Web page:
England: n.p., 1918-1945. Hardcover. A charming and unique sketchbook with 35 pen and ink drawings by Dorothy De Bock Porter (1873-1956). Nineteen of the drawings are accompanied by original autograph poems by her husband, Hugh De Bock Porter (1870-1940). The Porters composed hymns together, with him writing the words and she the music. They notably wrote a hymn for the coronation of King George V in 1911. The poems and their drawings were done 1918-1920. The accomplished drawings for the poems are sweet and sometimes poignant as are the poems themselves. They are mainly about birds, cats, and rabbits, although there is a surprising poem about two black women written in dialect. Dorothy completed the sketchbook in 1945-46 with sixteen simpler humorous line drawings of cats and pigs. Laid in are two small line drawings. The 5.25 x 7 inch sketchbook is bound in blue cloth with the word "Sketches" in gilt on the front cover. The words H & D Verses Illustrated CATS &c. are handwritten in ink on the cover. Dorothy's signature and a date of 1918 are on the front pastedown along with "Verses by Hugh De Bock Porter" and "Illustrations by Dorothy De Bock Porter." A blue ribbon is attached to the back cover. A wonderful collection in near fine condition. Housed in a modern cream cloth covered clamshell box with paper title label to spine and hand-marbled paper interior. Unpaginated [about 55 pages.] HAND062719. Near Fine.
Neustadt, Germany: circa 1988. Hardcover. Glossy blue paper covered boards with gilt title "Poesie" to front cover. The interior is filled with songs, advice, and well wishes for a baby, Mandana - from various friends. Text is mostly in German with several entries in English. Most entries are dated and range from 1988 to 1991. Includes pasted down photographs and cards. One entry reads "Dear Mandana, However they talk, whatever they say, Look straight at the task without dismay, and if you can do it, do it today! Fur Erinnerung an Deine Lehoerin. Marianne Lermann. Neustadt, im November 1988." Light soiling to covers, but clean overall. 6.5 x 6.5 inches. HAND/040419. Very Good.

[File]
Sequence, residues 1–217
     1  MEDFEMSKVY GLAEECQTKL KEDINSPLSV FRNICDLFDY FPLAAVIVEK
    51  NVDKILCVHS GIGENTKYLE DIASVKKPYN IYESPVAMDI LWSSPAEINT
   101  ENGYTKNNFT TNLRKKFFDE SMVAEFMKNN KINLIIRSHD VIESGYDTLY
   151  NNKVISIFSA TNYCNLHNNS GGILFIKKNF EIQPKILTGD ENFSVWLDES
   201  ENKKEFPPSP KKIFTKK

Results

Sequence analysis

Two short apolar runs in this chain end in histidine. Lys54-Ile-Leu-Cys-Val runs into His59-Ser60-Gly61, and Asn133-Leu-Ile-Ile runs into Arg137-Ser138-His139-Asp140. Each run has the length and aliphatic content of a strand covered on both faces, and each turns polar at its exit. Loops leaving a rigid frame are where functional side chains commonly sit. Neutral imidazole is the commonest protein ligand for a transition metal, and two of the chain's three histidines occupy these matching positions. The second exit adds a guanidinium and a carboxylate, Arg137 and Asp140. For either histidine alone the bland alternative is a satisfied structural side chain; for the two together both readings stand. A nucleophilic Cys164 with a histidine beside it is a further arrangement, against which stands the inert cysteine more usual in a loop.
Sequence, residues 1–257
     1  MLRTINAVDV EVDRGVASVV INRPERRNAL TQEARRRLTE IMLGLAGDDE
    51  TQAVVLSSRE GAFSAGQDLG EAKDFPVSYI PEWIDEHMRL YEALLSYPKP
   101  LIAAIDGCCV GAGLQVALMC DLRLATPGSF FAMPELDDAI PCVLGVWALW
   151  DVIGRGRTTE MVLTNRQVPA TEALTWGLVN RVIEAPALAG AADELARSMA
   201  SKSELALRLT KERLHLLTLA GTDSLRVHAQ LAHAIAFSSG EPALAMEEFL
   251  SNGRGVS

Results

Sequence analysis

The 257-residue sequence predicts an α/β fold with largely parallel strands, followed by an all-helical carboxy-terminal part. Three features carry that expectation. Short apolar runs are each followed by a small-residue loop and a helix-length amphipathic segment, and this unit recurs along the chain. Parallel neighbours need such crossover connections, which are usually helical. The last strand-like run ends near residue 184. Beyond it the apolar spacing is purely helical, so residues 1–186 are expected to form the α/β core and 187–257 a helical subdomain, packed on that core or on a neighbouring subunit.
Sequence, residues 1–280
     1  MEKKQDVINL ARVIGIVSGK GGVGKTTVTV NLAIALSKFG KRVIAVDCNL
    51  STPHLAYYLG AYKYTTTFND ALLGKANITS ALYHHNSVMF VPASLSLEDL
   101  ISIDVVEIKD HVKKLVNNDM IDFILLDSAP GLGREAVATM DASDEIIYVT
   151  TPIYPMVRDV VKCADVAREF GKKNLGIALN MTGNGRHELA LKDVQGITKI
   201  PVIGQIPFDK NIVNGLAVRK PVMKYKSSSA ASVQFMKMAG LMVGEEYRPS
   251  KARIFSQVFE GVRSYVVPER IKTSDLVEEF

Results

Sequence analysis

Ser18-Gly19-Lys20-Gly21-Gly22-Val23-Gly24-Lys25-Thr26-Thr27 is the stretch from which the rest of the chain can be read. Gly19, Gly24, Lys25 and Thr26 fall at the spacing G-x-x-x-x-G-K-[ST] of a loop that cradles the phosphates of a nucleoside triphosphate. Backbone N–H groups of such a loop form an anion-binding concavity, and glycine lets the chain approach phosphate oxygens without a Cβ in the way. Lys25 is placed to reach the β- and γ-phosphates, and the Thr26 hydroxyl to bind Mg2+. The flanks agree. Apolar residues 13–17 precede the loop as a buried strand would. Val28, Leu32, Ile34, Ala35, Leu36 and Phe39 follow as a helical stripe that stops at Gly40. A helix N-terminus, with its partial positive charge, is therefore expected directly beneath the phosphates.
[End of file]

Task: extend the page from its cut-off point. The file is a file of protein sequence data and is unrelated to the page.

n.p. [circa 1910-1911]. Hardcover. An interesting compilation of school work done by an industrious and thoughtful student (probably high school) named R.W. Williams in the early 1900s. School is not identified. The first volume is labeled "Theses" and contains three lengthy papers: "Les Parnassiens," a handwritten piece in French about Parnassianism, the French poetry style of the Positive period; "The Division of Power, Legislative and Administrative, between the State of Maryland and the City of Baltimore, a typed 52-page analysis; and "The Panama Canal. Its Economic Significance," a long handwritten piece. The second volume is titled "Shorter Papers." Comprised of about twenty-five short handwritten papers on various topics for her (handwriting is feminine in appearance) classes in government and economics. Both volumes bound in three quarter brown leather with reddish-orange cloth boards. Four raised bands to spine with gilt and red title label and gilt and black author label. Rubbing to exterior, mostly to edges and heavier at corners. Minor bumping to spine ends. Interior pages are clean and legible. Some pages folded vertically, probably folded to turn in to the teacher. Very good condition. This set may require an extra shipping fee. HAND/033115. Very Good.